Hagar calls God El-roi, “the God who sees” (Genesis 16:13a). She names God “El” which implies the feminine. The Hebrew word Elohim may be the result of a broadening of the generic El to include an ancient Semitic female god Eloah. Another term we are familiar with is El Shaddai, which is used as the name for God six times in the book of Genesis (17:1; 28:3; 35:11; 43:14; 48:3; 49:25). The Hebrew “El Shaddai” can be translated: “She Who Has Breasts”. Although translators remain unsure as to the meaning of Shaddai, two possibilities which can be translated as both breast and mountain which leads to the translations of El Shaddai as “god with breasts” or “god of the mountains”. Convincing arguments can be made for both translations.
Most biblical translators choose not to translate El Shaddai as “She Who Has Breasts”, but as “God Almighty”. In the reading, I have replaced “God Almighty” with “El Shaddai”.
When we read Hagar’s story, we have an important opportunity to reflect on and better understand the disturbing realities of domestic abuse – that for those whose lives are wracked by violence, bringing an end to the cycle of abuse is never simple or easy. Just as Hagar names God as “El-roi”, the one who sees, so must one “see” Hagar. As one “sees” Hagar, one “sees” others in the church, our community hearing stories of victims as they emerge from the narrative wreckage of domestic trauma. Failure to name domestic abuse, failure to call its perpetrators to account, failure to speak frankly about the problem of domestic violence, and failure to meet victims in their wilderness of their “narrative wreckage,” is to be complicit in violence.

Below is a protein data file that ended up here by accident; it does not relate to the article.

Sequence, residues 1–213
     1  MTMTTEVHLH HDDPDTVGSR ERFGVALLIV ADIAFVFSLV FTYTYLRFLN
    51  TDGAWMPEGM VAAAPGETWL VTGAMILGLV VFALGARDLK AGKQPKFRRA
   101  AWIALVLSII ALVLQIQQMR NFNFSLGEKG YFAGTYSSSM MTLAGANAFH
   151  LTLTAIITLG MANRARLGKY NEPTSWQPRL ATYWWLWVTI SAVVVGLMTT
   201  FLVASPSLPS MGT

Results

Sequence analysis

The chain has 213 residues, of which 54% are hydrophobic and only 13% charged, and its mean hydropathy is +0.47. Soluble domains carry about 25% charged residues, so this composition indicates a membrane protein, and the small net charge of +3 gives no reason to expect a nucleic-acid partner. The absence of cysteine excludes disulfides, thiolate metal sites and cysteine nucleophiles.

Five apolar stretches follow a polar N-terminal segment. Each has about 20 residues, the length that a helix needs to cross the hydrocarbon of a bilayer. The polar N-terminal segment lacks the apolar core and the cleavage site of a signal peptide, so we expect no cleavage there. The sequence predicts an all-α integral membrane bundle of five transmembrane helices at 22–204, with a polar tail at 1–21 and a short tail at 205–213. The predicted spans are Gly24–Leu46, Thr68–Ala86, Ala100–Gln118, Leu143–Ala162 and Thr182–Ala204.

Miriam Therese Winter, a Catholic sister and theologian has a continuing invitation to us all is to consider the feminine image of God. Not in some cheap Hallmark Mother’s Day card theology, but addressing God in relational ways.
In one of her many reflections she offers this:
The God of history,
The God of the Bible.
is One who carries us in Her arms
after carrying us in Her womb,
teaches us how to walk,
teaches us how to soar upward
just as the eagle teaches its young
to stretch their wings and fly,
brings to birth,
clothes the lilies of the field,
clothes Eve and Adam with garments newmade,
clothes you and me
with skin and flesh
and a whole new level of meaning
with the putting on of Christ… (Winter 1987:20).
1 The Bible, Gender, and Sexuality: Critical Readings
Rhiannon Graybill and Lynn R. Huber (eds)
2 Women of the Bible – From Text to Image
Guadalupe Seijas (ed), T&T Clark 2022
3 The Fourth Gospel: Tales of a Jewish Mystic
John Shelby Spong, Harper Collins, 2013
4 The Rebirthing of God: Christianity’s Struggle for New Beginnings Paperback
John Philip Newell.
Lecture by Dr. Amy-Jill Levine, The Guibord Center